Combat is chart based.  there is a simple casualty chart that determines how many casualties a unit delivers based on half the number of figures fighting.  This number is modified by a die roll. 1-2 is -1 casualty.  5-6 is +1 casualty.  Simple and effective.

There is a weather gauge that determines the status of the battlefield weather.  Again this is diced for with 2 dice at the beginning of the game.  Weather is then checked for at the beginning of each turn to see if it changes by 1 step.  You might start the battle with clear weather and then a storm may blow in half way through.  It is a simple method.  I’ve seen it used in GDW’s “Fire and Steel” game.

Style

The author writes in a very easy to read narrative style.  The battles are interesting to read about and the author gives some analysis about each battle’s historical conclusion.   As a simple history book, it made for fun, light reading.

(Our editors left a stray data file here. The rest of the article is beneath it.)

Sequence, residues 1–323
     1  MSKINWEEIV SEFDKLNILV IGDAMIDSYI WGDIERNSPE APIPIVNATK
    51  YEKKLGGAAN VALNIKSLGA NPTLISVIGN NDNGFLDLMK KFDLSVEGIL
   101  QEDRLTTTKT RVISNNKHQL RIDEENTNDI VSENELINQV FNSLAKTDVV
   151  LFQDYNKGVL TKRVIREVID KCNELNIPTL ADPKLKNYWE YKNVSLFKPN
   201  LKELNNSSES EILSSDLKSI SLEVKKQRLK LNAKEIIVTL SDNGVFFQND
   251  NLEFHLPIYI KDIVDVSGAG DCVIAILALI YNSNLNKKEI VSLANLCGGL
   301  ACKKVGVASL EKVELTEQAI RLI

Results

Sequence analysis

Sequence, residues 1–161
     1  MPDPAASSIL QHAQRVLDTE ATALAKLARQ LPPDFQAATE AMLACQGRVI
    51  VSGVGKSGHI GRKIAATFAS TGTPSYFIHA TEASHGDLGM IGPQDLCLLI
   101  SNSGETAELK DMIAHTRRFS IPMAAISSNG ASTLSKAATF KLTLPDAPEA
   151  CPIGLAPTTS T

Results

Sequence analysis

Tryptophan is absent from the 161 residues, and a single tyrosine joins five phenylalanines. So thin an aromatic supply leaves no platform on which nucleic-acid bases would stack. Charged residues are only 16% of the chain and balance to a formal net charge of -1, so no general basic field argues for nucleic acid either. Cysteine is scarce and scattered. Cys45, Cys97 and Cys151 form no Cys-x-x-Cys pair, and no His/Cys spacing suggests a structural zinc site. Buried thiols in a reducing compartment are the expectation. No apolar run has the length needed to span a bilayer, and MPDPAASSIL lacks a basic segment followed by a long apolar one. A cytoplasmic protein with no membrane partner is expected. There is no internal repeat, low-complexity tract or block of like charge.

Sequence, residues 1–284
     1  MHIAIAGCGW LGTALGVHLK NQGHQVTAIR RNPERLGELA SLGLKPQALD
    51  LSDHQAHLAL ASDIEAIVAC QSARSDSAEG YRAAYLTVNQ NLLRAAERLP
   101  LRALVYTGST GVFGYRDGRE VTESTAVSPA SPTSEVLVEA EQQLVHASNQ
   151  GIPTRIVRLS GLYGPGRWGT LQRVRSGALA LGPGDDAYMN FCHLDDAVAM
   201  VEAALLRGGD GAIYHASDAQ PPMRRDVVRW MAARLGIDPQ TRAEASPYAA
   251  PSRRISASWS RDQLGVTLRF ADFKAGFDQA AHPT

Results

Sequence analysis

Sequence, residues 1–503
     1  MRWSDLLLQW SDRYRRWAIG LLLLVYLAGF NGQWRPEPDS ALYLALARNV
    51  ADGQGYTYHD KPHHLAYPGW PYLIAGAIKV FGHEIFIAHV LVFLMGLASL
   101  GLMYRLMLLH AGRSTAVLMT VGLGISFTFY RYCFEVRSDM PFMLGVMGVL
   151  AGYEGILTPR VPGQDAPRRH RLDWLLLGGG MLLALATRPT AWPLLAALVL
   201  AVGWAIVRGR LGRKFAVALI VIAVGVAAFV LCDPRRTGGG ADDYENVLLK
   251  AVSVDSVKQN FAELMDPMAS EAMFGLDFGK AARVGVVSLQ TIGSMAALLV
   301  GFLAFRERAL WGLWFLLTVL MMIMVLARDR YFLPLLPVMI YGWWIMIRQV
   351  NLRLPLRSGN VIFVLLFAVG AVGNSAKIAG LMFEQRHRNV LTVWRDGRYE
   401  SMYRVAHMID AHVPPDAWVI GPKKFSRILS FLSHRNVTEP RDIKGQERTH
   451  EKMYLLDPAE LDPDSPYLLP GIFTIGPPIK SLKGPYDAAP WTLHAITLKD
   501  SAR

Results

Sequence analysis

Conclusion

This book can be many things to many people.  It is a fine history book on its own.  It has a very playable set of wargame rules and scenarios to provide hours of fun at a fairly low cost.  I highly recommend this book.

“Seven Steps to Freedom” By Charlie Wesencraft


Throw me a 6 Horse and Musket

May 22, 2017

I’ve been musing for a while now about how to bring TMA6 into the horse and musket era.  I’ll focus initially on the early part where linear tactics prevail and worry about the the Revolutionary and Napoleonic period later.

Moving should be pretty simple.  I think a simple formation system will be in order.  The only formations needed will be road column and line.  Perhaps 6″ in line, 9″ in column and 12″ in column if traveling the entire distance on a road.   Most of the other maneuver rules can remain the same.